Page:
I guess when you hear the word anxiety, the first thought that comes to your mind is of a person who always looks worried, upset, and afraid. But, did you know that there’s a type of anxiety that it can camouflage itself? Yes, this wild beast can rage through your mind and body unnoticed. Its name is high-functioning anxiety.
People who suffer from this disorder have a significant level of anxiety, but they can still have a successful life, both at a personal and professional level. They can still perform their daily activities without feeling the burden of constant anxious thoughts. They normally appear calm and collected on the surface, although the way they actually feel on the inside can be quite different.
So, could you possibly have a high functioning anxiety disorder? Well, if most or all of the following traits look familiar to you, chances are you do have it.
Here they are:
1. You’re highly detail-oriented.
You pay a lot of attention to details because you want to make things as perfect as possible. You seek perfection in your personal relationships, at your work, and even in the physical appearance of other people.
The idea of making a mistake or not completing a task terrifies you, or I should better say, seems like the end of the world to you. Therefore you spend a lot of time and energy planning and organizing things so as to make everything perfect.
2. You tend to avoid risks.
What the average person would consider ‘exciting’ is definitely not something that someone who has high-functioning anxiety would enjoy. For example, riding on a roller coaster or watching horror movies is not exciting to those with anxiety at all.
Leaving their comfort zone and venturing into the unknown is what terrify them the most. Therefore, they do their best to avoid situations that trigger strong emotions in them and make them feel uncomfortable, worried, and afraid.
3. You often fidget.
People who suffer from high-functioning anxiety have nervous habits and they usually hide them in public. These habits include repetitive movements which help the person who has this disorder calm and free their mind from anxious thoughts.
The most common nervous habits these people display are: nail or lip biting, knuckle cracking, tapping their feet, playing with their hair or an object, like a pen, or frequently looking at their phone.
4. You feel a strong need to control your environment.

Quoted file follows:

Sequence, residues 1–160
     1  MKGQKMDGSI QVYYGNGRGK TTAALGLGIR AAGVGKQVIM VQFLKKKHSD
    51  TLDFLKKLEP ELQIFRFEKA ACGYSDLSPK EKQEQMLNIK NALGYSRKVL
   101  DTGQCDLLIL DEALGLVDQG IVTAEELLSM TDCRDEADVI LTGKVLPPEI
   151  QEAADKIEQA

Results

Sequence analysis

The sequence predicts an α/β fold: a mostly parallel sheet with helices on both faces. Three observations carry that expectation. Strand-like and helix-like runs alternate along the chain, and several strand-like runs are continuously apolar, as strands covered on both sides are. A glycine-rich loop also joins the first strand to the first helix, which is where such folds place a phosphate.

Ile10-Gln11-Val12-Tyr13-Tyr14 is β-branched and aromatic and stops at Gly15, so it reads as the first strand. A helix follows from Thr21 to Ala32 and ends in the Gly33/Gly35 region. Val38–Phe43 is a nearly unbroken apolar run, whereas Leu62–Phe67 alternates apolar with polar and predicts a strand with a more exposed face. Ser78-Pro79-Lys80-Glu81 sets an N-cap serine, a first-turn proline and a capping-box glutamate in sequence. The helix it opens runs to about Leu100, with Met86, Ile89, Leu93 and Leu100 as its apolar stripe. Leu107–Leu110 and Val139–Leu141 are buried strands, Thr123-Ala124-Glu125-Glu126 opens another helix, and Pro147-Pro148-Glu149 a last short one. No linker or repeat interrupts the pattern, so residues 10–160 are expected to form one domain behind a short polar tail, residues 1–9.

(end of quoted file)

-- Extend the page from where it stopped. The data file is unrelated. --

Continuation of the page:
Considering the level of stress a person with high-functioning anxiety constantly struggles with, they feel a strong need to control as many things as possible. In this way, they feel more in charge of life.
So, if you’re a person who doesn’t really like changes, especially unexpected ones, because they increase your anxiety, and you always try to anticipate and control them, chances are you’re suffering from this disorder.
5. You have rare but strong outbursts.
A person with high-functioning anxiety usually hides how they really feel or decreases the intensity of their emotions so they appear calm and collected most of the time.
But, suppressing and piling up your feelings inside of you together with your anxiety makes you feel overwhelmed and frustrated. And this can be really bad for you when you find yourself in stressful situations because chances are the bottled up emotions will come to the surface and cause you to explode.
6. Your mind is always racing.
A person who has high-functioning anxiety struggles with constant racing thoughts. They’re constantly overanalyzing and worrying about things. Thus, when you’re talking to them, their mind appears to have wandered off somewhere. They seem like they’re not paying attention to what you’re telling them.
Chances are they’re thinking about what to tell you in response or worrying about what you think of them. They worry about their future too and create all kinds of scenarios, mostly negative ones). It’s simply impossible for them to give their mind a rest.
Riley Cooper is a professional writer who writes informative and creative articles on topics related to various fields of study. Written with love and enthusiasm, her articles inspire readers to broaden their knowledge of the world, think and get ready to act.